World

UKRAINE UPDATE: 26 APRIL 2024

War-torn Kyiv’s fiscal outlook ‘very uncertain’; EU weighs up sanctions on Russian LNG projects

War-torn Kyiv’s fiscal outlook ‘very uncertain’; EU weighs up sanctions on Russian LNG projects
Ukraine Finance Minister Serhiy Marchenko. (Photo: Hannah McKay - WPA Pool / Getty Images)

Ukraine’s finance chief said a $61bn US aid package helps cover budget gaps for this year, though the nation’s fiscal outlook for 2025 was ‘very uncertain’, given the duration of the war with Russia.

The European Union is discussing with member states proposals to sanction key Russian liquefied natural gas (LNG) projects and a ban on using EU ports to re-export supplies destined for third countries, as part of an effort to limit Moscow’s ability to generate revenue from fossil fuel.

Poland’s defence chief said the country was prepared to assist Ukraine in getting fighting-age men to return to the war-battered country after Kyiv tightened conscription rules.  

Ukraine budget ‘very uncertain’ in 2025, says finance chief

Ukraine’s finance chief said a $61-billion US aid package helps cover budget gaps for this year, though the nation’s fiscal outlook for 2025 was “very uncertain” given the duration of the war with Russia.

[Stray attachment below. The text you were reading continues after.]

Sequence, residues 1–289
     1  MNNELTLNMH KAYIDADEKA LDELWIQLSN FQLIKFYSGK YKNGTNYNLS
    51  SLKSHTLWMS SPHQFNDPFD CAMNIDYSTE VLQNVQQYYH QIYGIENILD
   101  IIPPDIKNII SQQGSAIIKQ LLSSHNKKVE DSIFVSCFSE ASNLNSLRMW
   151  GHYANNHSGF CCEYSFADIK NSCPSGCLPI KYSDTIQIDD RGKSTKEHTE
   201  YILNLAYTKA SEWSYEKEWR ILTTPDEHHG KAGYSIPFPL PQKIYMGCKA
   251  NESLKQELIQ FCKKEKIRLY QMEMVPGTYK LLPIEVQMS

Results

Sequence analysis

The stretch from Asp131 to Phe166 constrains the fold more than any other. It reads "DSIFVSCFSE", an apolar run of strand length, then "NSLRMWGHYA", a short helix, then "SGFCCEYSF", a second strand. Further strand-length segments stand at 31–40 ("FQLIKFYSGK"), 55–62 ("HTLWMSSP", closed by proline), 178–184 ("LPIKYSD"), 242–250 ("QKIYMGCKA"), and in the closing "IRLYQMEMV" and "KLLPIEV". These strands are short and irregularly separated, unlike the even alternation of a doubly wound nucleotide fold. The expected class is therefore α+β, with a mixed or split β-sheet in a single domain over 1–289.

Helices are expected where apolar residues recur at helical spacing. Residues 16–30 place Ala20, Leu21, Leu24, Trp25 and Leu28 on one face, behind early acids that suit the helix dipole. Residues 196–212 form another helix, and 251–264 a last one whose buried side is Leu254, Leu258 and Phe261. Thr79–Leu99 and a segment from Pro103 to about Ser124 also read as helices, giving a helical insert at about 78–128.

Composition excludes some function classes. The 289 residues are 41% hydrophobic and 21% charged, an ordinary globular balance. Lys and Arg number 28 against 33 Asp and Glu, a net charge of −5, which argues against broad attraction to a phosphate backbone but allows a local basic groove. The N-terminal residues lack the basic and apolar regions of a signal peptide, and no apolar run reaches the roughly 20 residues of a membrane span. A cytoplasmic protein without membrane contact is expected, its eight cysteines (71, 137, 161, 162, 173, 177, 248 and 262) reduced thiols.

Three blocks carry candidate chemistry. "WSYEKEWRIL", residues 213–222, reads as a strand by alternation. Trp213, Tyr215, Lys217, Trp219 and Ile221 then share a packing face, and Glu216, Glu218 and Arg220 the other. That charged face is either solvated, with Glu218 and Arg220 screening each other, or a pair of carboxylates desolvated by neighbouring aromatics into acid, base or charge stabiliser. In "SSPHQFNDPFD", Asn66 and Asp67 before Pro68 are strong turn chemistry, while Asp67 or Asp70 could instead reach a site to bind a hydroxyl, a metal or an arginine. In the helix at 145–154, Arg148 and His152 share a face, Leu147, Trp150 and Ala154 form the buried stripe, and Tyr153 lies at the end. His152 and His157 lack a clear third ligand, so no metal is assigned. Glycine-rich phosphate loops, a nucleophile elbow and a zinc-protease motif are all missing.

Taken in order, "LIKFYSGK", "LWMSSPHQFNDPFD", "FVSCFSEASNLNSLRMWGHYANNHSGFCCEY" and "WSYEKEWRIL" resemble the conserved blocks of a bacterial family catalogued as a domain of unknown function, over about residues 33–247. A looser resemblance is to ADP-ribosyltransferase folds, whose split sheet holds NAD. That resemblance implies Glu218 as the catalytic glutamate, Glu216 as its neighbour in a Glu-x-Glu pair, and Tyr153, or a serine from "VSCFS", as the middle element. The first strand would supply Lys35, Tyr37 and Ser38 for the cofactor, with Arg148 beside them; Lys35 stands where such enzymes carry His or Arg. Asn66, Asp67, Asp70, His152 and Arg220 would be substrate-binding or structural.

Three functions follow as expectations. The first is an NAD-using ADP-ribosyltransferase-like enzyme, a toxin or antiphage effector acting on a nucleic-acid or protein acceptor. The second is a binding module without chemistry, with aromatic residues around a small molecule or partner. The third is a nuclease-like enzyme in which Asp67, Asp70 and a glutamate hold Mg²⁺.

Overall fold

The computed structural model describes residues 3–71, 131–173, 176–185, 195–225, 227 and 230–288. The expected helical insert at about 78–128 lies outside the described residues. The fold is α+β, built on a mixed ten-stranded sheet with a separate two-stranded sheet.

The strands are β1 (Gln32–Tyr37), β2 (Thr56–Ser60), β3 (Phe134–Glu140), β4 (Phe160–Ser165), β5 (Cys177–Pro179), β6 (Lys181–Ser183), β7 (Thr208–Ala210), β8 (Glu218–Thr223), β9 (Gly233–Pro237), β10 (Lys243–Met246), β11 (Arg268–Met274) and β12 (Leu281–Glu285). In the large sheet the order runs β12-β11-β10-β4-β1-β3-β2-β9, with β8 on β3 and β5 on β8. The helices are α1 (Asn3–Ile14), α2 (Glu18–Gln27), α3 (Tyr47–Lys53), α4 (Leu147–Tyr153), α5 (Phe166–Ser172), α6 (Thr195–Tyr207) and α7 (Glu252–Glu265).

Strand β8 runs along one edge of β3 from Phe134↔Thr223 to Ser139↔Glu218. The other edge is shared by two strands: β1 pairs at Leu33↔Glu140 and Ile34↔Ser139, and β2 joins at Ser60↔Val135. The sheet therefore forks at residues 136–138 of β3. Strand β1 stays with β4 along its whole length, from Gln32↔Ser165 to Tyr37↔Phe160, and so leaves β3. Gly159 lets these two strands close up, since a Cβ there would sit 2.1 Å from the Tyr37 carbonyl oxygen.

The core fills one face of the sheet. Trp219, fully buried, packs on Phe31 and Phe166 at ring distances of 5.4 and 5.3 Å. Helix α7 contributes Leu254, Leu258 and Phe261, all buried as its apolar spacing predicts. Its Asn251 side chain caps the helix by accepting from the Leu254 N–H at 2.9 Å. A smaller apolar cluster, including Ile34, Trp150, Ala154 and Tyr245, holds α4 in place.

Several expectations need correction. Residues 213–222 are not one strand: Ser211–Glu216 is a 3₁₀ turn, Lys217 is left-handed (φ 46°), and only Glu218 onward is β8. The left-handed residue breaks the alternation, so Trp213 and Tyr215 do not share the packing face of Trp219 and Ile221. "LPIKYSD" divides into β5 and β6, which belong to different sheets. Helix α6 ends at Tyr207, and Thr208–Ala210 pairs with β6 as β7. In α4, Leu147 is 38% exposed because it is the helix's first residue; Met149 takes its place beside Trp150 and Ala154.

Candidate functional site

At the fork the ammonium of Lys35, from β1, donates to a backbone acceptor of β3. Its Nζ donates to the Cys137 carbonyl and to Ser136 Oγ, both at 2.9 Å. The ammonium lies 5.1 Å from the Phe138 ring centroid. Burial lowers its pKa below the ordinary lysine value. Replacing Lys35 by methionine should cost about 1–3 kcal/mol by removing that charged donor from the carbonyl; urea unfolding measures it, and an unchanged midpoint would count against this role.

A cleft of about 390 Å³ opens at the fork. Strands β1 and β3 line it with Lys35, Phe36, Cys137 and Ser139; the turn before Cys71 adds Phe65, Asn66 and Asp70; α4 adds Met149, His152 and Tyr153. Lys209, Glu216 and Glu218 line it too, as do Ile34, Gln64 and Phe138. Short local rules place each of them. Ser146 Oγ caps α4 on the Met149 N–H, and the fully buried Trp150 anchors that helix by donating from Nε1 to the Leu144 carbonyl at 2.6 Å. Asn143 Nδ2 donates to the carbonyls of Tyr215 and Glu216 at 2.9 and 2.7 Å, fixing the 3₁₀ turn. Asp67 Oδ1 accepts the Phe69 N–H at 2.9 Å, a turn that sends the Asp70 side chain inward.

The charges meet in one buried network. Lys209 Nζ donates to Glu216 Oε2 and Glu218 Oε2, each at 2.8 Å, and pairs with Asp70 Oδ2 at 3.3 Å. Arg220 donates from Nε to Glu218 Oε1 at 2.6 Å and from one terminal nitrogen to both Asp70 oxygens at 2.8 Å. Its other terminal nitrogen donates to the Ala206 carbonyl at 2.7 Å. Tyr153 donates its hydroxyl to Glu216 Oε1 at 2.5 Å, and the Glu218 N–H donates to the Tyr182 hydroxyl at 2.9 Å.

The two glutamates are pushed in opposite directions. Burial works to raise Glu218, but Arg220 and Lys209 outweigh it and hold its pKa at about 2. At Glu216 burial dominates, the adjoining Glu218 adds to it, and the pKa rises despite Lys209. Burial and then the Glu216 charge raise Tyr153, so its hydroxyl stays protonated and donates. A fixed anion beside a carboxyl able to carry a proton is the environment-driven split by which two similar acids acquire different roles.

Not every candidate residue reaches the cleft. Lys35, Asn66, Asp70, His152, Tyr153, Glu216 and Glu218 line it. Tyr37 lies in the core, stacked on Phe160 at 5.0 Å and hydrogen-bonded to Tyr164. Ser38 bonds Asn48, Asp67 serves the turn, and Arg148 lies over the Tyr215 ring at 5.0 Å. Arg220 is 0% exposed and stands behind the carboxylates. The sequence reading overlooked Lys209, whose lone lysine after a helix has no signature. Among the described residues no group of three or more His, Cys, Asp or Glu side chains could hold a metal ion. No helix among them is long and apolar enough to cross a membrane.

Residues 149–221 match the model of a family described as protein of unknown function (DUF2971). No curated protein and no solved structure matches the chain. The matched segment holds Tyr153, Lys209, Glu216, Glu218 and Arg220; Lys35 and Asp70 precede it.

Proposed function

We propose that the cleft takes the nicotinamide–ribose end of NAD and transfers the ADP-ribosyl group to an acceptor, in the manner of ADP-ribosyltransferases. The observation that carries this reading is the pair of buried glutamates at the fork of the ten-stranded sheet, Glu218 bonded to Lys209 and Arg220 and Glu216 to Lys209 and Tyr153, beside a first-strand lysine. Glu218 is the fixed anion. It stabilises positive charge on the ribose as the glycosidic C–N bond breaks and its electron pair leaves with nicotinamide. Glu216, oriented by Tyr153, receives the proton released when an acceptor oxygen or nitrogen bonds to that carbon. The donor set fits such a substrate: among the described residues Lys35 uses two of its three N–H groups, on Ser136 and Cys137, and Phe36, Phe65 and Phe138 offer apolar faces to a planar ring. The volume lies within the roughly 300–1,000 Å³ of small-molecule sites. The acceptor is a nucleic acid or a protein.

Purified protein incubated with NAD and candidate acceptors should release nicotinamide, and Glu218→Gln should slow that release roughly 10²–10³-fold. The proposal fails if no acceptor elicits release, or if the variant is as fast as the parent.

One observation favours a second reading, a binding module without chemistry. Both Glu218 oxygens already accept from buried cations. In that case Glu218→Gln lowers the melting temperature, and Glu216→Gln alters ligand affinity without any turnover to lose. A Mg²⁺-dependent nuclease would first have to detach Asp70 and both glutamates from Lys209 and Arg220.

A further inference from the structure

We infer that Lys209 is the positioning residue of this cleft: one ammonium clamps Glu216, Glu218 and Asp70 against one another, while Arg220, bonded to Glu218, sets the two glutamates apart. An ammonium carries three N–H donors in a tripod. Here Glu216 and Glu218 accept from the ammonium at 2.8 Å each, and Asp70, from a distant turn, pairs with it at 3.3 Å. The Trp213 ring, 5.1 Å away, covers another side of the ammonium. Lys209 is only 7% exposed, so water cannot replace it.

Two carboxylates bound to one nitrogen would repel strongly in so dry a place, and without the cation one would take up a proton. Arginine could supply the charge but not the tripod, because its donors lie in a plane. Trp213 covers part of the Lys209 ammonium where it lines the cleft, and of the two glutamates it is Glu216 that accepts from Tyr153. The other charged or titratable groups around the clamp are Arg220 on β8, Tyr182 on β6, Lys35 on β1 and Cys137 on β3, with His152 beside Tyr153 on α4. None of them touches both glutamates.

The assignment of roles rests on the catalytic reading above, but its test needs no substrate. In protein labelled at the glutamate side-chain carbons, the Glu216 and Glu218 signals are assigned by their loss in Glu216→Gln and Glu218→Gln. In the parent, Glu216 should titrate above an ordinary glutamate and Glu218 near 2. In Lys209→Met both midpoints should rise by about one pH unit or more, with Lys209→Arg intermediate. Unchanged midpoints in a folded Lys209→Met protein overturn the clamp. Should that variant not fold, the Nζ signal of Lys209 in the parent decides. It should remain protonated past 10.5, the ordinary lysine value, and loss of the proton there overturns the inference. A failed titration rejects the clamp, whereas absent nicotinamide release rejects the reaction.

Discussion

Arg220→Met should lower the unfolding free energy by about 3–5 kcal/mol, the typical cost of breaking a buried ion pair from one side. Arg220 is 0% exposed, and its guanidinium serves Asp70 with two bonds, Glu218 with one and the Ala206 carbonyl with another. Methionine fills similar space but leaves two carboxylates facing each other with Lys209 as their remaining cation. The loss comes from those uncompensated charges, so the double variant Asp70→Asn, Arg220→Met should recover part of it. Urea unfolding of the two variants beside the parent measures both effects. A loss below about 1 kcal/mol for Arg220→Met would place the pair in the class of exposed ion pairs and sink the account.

Finance Minister Serhiy Marchenko said that $7.8-billion of the funding approved on Wednesday by US President Joe Biden would be earmarked for budget needs. But a spike in military spending and uncertainty over how long the war will last could trigger a widening gap for next year. 

“We see great financial constraint and stress because of additional military expenses,” Marchenko said in an interview on Bloomberg Television on Wednesday. 

Biden said assistance to Ukraine would begin to move within “hours” after he signed the package on Wednesday. But after six months of stalling over political infighting, dwindling supplies of ammunition and manpower have sapped Kyiv’s war effort and shifted the initiative to the Kremlin, which has made advances.  

“The situation is very dramatic and dangerous on the battlefield,” Marchenko said, citing the shortages.

European aid for Ukraine failed to fill the gap left by a delay in US support, underscoring the urgency of the US funding, according to the Kiel Institute. In January and February 2024, European countries allocated a total of about €6-billion in aid, almost all of it for the military, the institute said in the latest update to its Ukraine Support Tracker.